So if Ultima Forever is trying to avoid the known problems that casual and tablet games routinely face, and yet still be a free-to-play game, how does EA plan to make their money? “It’s not ‘energy,’ it’s not like a Facebook game,” Barnett confirmed. “The entire game can be completed for free, although it would take you a long time. You can play it and play it and play it and play it, and enjoy it and enjoy it and enjoy it and enjoy it, and ultimately what will happen is you’ll love it so much you’ll go, ‘you know what? I’m going to give you guys some cash.’”
BioWare Mythic and EA are banking on the time vs money trade-off. Some players have lots of time and little money; for other players, it’s the reverse. The latter, ideally, will translate their impatience into microtransaction purchases, a kind of shortcut Barnett himself often uses in tablet gaming: “I could do the quest to kill the giant and go and kill the dragon and kill the necromancer to get the rights to go and have my boat made… or I could give them a buck and just have the boat. And I want a boat, because I want to go and sail around the oceans. I don’t want to wait. I want a boat NOW.”
So speaking of impatience, when does the world get to look at Ultima Forever and decide if it’s a worthy successor to the franchise? EA hints only “later this year.” Barnett declined to elaborate, joking, “PR will chop my hands off if I say anything.”
Ultima Forever is a new free to play, cross platform action RPG from Bioware based, at least tangentially, on the classic Ultima RPG seies. You’ll be able to take control of the fighter or the mage and charge off on a quest to save the land of Brittania for Lady British. You can sign up for the beta now using your EA Origin account on the beta signup page. There aren’t any screenshots about so all we have to go on at the moment is a bit of concept art, which doesn’t exactly capture the spirit of Ultima. Scantily clad women in antlers, anyone?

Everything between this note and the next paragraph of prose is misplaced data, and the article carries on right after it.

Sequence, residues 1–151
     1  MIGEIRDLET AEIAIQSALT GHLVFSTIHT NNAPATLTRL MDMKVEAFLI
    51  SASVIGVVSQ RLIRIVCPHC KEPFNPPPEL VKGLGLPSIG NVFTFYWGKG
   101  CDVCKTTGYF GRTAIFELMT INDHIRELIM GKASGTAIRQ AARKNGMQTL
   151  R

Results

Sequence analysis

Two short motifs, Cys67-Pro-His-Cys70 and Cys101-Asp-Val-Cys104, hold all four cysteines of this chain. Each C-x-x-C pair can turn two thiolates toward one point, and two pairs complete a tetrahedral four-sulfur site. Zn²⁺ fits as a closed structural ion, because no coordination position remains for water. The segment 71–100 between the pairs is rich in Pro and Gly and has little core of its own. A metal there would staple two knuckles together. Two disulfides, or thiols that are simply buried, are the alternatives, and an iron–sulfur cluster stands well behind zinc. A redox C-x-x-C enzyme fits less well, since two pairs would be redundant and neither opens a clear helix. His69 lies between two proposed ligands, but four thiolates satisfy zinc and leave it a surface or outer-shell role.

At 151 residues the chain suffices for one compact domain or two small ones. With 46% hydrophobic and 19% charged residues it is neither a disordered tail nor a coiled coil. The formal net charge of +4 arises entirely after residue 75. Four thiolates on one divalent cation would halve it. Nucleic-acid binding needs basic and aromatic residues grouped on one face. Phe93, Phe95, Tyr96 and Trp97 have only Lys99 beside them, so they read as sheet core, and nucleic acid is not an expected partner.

The publisher has tonight announced Ultima Forever, a cross-platform, free-to-play RPG that’s being developed by BioWare and which will be published under EA’s Play 4 Free label, the same place you find games like Battlefield Heroes.
Boasting a cartoon aesthetic, having you control the “Avatar” and mentioning “Lady British”, it’s at least closer to the source material than the ill-advised Lord of Ultima. Whether or not EA’s claim that “the first great Western RPG has been lovingly restored in Ultima Forever” rings true or not, we’ll have to actually play it to find out.
GameBanshee: Ultima Forever Revealed, Free to Play
Although there have long been rumors of a new Ultima game in development for years now, and we even saw a web site for an upcoming game appear briefly last year, it seems that it’s now official: Ultima Forever: Quest for the Avatar’s web page has just gone live!
So far, details of the game are very scant, but from the looks of the web page, it will be a free-to-play game targeting Facebook and/or mobile platforms.
Virtues are a system that play heavily in Ultima Forever. You level them up in a variety of ways, including some that encourage multiplayer. For instance, your “Sacrifice” virtue is tied to helping other players, which Barnett and company have integrated into a system wherein high level players can temporarily lower their level in order to assist a lower-level player. At the end of a dungeon, the high-level player won’t earn nearly as many rewards as the lower level-player for completing the quest, but they will earn progress in their Sacrifice virtue.
…though Barnett says it has “a lot” of players in it. “It’s very tribal in the way we’re building it,” he explained. The game is a small-group affair, with “tactical, positional” combat that is less about hotbar abilities and more about where your characters stand, what kind of equipment they have, and how you use your abilities together.
Of course, we here at the Ultima Codex have launched our Ultima Forever portal; check it out in the coming days and weeks as we (hopefully!) expand it with game media and other content!